Structural Biochemistry/Enzyme Catalytic Mechanism/Dehydrogenases

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Dehydrogenases[edit]

Dehydrogenases catalyze the oxidation of alcohols to carbonyl compounds by using either NAD+ or NADP+. Some dehydrogenases are specific for one coenzyme. This reaction can be reduced by NADH or NADPH. In the oxidation of the alcohol, one in dehydrogenases transferred to the 4 position of the nicotinamide ring of the NAD+ by removing two hydrogens. Therefore, the carbonyl group was made from the reaction. This reaction is stereospecific. The enzyme can either attack either side of the ring, resulting in different conformations and characteristics. The enzyme with the syn conformation will catalyze the reaction to reduce carbonyls groups more rapidly. The enzyme with the anti conformation is less reactive than the previous enzyme. Different types of dehydrogenases exist, some of which are briefly mentioned below.

1. The alcohol dehydrogenases[edit]

The alcohol dehydrogenase catalyzes the reaction of alcohols to aldehydes and ketones by using NAD+ as a coenzyme. It also has the zinc ion sites at the bottom of the enzyme. The zinc ion binds on NAD+ by during the catalysis. Mechanistically, the coenzyme binds to the enzyme by oxidizing the alcohol in the enzyme. The enzyme-NADH complex is dissociated to be rate determining.

2. L-Lactate dehydrogenase[edit]

L-lactate dehydrogenase oxidizes the reversible reaction of L-lactate to pyruvate by using NAD+ as a coenzyme. The alcohol group becomes the carbonyl group of the enzyme. L-lactate or pyruvate is binded to the enzyme through the coenzyme. Therefore, the coenzyme always binds on the enzyme first. Other substrates may bind to the enzyme as well. Lactate dehydrogenase is especially important for the role that it plays in glycolysis. In order for glycolysis to occur, NAD+ must be available. Under anaerobic conditions, there is not sufficient NAD+ available for glycolysis to occur because it is all stuck in the NADH form (the insufficient amount of oxygen means that no oxygen is present to receive electrons from the end of the electron transport chain). Lactate dehydrogenase allows for the occurrence of glycolysis by helping in the conversion of NADH to NAD+. Lactate dehydrogenase does this by converting pyruvate to lactate. The figure below explains this reaction.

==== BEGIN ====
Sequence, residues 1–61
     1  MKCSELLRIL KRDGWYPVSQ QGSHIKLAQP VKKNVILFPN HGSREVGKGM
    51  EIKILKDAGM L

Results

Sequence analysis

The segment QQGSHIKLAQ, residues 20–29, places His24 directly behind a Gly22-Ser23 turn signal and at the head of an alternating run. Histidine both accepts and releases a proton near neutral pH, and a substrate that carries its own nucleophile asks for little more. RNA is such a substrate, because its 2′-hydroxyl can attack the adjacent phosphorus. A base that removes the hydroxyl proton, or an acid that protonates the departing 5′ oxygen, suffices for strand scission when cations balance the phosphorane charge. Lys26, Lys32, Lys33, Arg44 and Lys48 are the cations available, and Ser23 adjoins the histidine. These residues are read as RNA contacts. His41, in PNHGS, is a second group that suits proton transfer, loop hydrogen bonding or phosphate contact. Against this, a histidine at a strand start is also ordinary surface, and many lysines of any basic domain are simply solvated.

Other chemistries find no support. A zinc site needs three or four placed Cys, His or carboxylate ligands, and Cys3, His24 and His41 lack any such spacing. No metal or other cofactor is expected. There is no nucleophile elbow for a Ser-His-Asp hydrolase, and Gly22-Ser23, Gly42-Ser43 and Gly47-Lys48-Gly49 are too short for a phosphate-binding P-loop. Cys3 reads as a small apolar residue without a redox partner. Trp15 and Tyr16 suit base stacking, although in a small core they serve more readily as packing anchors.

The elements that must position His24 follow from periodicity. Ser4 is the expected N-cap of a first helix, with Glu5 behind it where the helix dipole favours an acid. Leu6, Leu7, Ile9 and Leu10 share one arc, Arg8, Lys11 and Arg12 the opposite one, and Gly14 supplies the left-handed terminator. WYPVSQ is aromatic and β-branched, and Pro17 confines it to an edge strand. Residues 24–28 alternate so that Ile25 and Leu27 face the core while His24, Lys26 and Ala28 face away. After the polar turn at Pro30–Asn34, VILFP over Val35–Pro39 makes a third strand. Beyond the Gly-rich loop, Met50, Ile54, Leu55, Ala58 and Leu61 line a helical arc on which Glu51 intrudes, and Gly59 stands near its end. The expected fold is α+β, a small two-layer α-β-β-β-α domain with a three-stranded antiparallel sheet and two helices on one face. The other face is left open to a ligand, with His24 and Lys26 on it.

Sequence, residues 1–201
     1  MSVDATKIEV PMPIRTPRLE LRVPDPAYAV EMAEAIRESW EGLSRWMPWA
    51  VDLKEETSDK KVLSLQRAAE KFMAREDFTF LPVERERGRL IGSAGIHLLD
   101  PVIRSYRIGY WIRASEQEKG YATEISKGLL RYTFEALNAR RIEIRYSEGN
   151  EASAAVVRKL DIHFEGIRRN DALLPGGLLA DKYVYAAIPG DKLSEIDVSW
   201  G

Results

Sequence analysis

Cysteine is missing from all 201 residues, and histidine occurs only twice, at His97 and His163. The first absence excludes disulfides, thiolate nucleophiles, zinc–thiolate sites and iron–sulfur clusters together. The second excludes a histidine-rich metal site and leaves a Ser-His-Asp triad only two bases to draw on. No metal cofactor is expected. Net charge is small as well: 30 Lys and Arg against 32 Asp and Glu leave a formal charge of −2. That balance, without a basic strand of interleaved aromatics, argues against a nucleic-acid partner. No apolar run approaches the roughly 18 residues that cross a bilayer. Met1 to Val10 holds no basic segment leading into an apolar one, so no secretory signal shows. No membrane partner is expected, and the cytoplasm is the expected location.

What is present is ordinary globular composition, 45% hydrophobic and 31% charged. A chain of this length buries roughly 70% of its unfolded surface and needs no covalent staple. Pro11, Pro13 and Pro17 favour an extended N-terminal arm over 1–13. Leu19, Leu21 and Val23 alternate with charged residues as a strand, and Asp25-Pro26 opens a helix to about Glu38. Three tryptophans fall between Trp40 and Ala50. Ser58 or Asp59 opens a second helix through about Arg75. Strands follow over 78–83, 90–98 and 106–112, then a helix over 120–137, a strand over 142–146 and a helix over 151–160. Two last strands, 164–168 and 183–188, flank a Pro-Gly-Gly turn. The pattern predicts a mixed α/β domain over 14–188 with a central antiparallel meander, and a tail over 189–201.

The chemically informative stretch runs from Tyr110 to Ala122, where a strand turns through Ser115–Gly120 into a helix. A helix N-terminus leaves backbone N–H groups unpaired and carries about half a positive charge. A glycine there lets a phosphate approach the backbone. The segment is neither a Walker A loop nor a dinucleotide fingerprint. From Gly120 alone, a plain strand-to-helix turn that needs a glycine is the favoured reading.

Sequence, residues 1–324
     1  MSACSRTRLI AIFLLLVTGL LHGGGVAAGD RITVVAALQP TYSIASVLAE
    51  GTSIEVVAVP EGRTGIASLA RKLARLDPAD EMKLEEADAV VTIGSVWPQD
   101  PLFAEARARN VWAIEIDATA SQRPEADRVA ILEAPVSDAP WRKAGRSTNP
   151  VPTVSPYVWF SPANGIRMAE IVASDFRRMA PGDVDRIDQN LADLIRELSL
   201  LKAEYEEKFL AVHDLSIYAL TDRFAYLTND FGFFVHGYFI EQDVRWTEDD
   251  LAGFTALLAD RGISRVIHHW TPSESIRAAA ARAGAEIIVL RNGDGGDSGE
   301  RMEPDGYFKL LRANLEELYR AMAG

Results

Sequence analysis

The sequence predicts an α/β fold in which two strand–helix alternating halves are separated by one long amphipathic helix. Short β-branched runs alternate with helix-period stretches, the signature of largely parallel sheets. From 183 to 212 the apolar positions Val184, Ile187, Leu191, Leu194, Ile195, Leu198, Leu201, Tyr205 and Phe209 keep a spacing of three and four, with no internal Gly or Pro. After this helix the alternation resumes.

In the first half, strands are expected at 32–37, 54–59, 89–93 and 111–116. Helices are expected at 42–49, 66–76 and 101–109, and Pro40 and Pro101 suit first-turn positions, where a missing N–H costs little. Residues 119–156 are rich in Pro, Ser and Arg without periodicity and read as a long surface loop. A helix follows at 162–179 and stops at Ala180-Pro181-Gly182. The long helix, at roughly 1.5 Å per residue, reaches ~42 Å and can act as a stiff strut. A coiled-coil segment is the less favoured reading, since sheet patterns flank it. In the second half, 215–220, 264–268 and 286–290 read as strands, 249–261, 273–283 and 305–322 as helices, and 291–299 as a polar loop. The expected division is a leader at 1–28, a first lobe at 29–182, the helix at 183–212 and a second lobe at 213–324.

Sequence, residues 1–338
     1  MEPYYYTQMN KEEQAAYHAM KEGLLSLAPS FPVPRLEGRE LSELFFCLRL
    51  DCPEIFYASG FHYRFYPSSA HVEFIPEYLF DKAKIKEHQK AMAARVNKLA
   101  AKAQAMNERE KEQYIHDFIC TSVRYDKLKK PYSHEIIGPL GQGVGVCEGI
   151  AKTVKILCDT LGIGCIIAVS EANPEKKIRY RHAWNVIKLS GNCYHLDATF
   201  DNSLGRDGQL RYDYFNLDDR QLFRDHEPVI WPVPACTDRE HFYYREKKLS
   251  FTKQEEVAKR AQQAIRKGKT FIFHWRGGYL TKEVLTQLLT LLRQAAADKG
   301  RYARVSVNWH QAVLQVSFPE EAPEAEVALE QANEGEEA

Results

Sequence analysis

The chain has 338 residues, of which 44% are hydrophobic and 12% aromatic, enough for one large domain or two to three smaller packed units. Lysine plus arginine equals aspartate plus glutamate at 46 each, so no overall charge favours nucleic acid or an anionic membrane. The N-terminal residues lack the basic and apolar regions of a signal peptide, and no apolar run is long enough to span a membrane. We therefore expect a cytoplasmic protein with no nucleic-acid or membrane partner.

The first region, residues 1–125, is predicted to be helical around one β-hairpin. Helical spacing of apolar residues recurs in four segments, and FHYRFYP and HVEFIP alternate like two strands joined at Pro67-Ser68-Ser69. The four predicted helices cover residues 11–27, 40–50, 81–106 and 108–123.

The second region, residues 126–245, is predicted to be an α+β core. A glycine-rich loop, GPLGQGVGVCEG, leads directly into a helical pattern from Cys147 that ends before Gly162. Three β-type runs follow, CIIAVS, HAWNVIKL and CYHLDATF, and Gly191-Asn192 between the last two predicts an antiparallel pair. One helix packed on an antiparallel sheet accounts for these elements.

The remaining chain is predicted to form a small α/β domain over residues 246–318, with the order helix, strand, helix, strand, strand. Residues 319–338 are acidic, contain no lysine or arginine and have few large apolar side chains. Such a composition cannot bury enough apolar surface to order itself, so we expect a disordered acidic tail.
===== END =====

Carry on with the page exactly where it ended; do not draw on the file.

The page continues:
O  O                OH  O                               
   ‖  ‖                |   ‖                                

H3C – C – CO- + NADH ↔ H3C – CH – CO- + NAD+

Pyruvate             Lactate
                         

As is shown, two electrons are removed from NADH and a proton is added in order for lactate to be formed and for NADH to be oxidized to NAD+.

3. Malate dehydrogenase[edit]

Malactate dehydrogenase oxidizes malate to oxaloactate in areversible reaction. NADH and NAD+ bind with equal affinity. In other words, it catalyzes, by means of NAD+ or NADP, the dehydrogenation of malate to oxaloacetate or the decarboxylation of maleate to pyruvate.

4. Glutamate Dehydrogenase[edit]

Glutamate dehydrogenase catalyzes the conversion of the nitrogen atom in glutamate into ammonium ions by oxidative deamination (See Reaction Scheme Below). In oxidative deamination, the reaction starts by dehyrogenation of the Carbon-Nitrogen bond, which then leads to an imine intermediate known as the Schiff-base intermediate. The first step utilizes glutamate dehydrogenase (GDH)and utilizes the coenzyme NAD+, which is reduced to NADH [1]. Next, hydrolysis of the Schiff base leads to α-ketoglutarate and the free ammonium ion. The reaction is driven in the forward direction due to quick removal of the ammonium ion. Glutamate dehydrogenase is located in the mitochondria of cells. Glutamate dehydrogenase is unique because, in some organisms, it is capable of using either NAD+ or NADP+ in its catalytic reactions. This ability is unique because NADPH is used as the reductant in biosynthetic reactions, while NAD+ is usually used as the oxidant in most catabolic reaction, and glutamine dehydrogenase is not specific to either.

FINAL GLUTAMATE

Reference[edit]

Alan Fersht, Enzyme Structure and Mechanism.

Jeremy M. Berg, John L. Tymoczko, Lubert Stryer. Biochemistry (6ed). New York. W.H. Freeman and Company, 2007, 2002.

Aaron Coleman, Meredith Gould, Jose Luis Stephano. Biochemical Techniques. Hayden-McNeil Publishing, 2013.